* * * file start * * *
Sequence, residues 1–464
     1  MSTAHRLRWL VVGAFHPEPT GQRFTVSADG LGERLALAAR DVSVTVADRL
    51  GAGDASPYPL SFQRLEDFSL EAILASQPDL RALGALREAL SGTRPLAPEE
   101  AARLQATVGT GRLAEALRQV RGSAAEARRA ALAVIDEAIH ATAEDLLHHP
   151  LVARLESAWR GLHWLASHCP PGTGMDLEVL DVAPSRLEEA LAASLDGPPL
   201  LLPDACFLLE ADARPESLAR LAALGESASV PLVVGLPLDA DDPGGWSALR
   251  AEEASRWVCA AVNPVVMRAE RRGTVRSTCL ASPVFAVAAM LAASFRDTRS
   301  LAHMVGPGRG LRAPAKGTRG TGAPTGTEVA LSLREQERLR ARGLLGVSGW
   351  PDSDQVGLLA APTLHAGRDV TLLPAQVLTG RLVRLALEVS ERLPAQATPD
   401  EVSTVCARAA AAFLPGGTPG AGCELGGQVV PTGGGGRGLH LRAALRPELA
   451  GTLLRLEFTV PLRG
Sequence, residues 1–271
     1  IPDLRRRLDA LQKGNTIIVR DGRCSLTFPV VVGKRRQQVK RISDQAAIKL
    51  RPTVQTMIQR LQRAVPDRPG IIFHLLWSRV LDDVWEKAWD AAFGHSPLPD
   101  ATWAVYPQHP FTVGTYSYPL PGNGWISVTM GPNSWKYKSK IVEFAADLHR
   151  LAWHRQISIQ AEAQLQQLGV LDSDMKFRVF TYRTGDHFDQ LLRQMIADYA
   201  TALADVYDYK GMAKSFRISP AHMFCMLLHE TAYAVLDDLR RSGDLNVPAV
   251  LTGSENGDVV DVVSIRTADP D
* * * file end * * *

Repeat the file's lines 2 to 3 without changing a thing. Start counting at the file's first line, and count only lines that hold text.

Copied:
     1  MSTAHRLRWL VVGAFHPEPT GQRFTVSADG LGERLALAAR DVSVTVADRL
    51  GAGDASPYPL SFQRLEDFSL EAILASQPDL RALGALREAL SGTRPLAPEE